Stocks finished mixed on Wednesday as markets closed early for Christmas Eve. But it was enough to put the wraps on the strongest six-day winning streak since 2010, catalyzed by last week’s comments from the Federal Reserve that it would be “patient” with its rate hike campaign.
In the end, the Dow Jones Industrial Average gained a fraction, the S&P 500 lost a fraction, the Nasdaq Composite gained 0.2% and the Russell 2000 gained 0.4%. The indices finished off their highs after a bout of late session selling pressure trimmed gains.
Markets will be closed on Thursday and will reopen normally on Friday.
Historically, the week before Christmas is one of the best stretches of the year for the market. And stocks certainly made good on that, with the Dow rising more than 1,000 points to set a series of new record highs.
Investors have been motivated by a stabilization in oil prices, stabilization of the situation in Russia, positive U.S. economic data, the Fed, and ongoing hopes that the European Central Bank will unleash a government bond buying stimulus program.
But along the way, the evidence has grown that things have come too far too fast.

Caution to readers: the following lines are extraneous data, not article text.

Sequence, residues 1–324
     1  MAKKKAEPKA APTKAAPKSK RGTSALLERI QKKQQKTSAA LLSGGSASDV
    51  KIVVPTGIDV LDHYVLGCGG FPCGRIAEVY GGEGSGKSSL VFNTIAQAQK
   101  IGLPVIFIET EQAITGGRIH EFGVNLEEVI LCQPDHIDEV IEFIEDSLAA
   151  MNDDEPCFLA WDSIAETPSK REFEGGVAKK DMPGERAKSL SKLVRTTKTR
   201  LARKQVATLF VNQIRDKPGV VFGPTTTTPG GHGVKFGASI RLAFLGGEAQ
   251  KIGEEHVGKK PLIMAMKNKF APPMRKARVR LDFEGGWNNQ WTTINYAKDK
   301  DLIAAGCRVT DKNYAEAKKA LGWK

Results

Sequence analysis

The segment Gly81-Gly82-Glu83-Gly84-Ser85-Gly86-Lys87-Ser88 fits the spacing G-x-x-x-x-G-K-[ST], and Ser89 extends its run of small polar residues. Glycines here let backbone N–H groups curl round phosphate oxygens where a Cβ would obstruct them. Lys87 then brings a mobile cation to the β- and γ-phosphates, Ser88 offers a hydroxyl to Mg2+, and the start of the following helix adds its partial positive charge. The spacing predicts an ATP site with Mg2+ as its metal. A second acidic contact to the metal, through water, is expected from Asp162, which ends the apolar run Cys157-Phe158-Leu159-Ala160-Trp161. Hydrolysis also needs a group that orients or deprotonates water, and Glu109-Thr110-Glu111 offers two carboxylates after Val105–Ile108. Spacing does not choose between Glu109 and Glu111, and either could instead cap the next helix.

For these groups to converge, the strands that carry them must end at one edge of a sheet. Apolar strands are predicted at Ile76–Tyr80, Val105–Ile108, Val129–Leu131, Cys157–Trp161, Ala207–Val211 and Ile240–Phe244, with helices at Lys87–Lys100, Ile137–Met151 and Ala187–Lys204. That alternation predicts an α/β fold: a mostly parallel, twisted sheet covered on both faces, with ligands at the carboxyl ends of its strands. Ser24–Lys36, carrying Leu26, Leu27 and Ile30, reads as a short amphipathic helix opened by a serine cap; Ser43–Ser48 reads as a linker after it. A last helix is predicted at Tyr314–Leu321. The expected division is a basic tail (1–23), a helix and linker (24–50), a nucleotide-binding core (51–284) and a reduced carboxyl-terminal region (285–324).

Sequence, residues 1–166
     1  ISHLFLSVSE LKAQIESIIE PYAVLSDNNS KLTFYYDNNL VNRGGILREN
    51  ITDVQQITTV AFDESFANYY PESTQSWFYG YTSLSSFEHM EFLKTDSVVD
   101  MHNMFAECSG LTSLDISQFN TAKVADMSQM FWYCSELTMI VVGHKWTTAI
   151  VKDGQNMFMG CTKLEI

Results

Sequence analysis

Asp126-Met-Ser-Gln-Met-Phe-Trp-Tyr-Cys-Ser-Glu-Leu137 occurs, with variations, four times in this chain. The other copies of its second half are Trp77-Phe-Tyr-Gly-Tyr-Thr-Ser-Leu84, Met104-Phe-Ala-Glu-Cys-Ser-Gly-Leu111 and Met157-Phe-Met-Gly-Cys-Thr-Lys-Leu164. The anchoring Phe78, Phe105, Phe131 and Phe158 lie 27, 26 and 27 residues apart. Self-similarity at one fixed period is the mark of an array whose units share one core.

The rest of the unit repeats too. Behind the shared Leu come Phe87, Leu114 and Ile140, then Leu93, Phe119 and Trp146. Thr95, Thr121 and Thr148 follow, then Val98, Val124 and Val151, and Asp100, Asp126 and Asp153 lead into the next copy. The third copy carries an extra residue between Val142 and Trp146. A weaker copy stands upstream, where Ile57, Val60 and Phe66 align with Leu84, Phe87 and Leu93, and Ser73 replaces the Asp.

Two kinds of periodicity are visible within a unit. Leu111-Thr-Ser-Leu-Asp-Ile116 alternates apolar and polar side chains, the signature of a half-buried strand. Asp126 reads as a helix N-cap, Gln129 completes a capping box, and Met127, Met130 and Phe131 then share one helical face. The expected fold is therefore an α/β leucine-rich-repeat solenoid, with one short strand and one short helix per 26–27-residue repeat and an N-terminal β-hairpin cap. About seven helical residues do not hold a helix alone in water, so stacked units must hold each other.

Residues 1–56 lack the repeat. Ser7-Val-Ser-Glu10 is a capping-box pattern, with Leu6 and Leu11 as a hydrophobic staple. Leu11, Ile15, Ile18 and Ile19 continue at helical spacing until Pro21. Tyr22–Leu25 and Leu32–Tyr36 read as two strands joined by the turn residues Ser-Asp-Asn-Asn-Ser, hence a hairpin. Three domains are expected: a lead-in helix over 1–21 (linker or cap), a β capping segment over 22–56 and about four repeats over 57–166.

For one, major long-term breadth measures, such as the number of new highs and the NYSE’s advance-decline line, peaked in the early summer — suggesting that the market gains of the past few months have come on a narrowing base of participation.
You can see this in the way the NYSE Composite Index, shown above, is still contending with triple-top resistance from highs set in July, September, and late November.
Stocks have also separated from other asset classes, such as high-yield bonds and commodities. The chart above shows how the Barclays High Yield Bond ETF (JNK) remains within the confines of a medium-term downtrend that started back in July and that the rally off of the mid-December lows — which has supercharged stocks over the past week — merely looks like a short-term relief rebound.
And finally, the stocks are looking stretched relative to the fundamentals.
Cyclically-adjusted price-to-earnings multiples on the S&P 500 have only been higher in the runup to the 1929, 2000, and 2007 market peaks. Currently, the multiple stands at 27.1x versus a long-term average going back to the 1880s of 16.6x. So stocks are more than fully valued.
Jonathan Glionna at Barclays Capital is looking for S&P 500 earnings growth to slow modestly next year for an end-of-year target of 2,100 — less than 1% from Wednesday’s closing level. ‘
According to the folks at SentimenTrader, the CBOE Volatility Index (VIX) — dubbed Wall Street’s “fear gauge” — has only increased four times in 28 years in the two days ahead of the Christmas break. But from the close on the day before Christmas to the end of the year, the VIX jumped 24 out of 28 times for an average gain of nearly 9%.
So watch for a return of the downside pressure starting on Friday.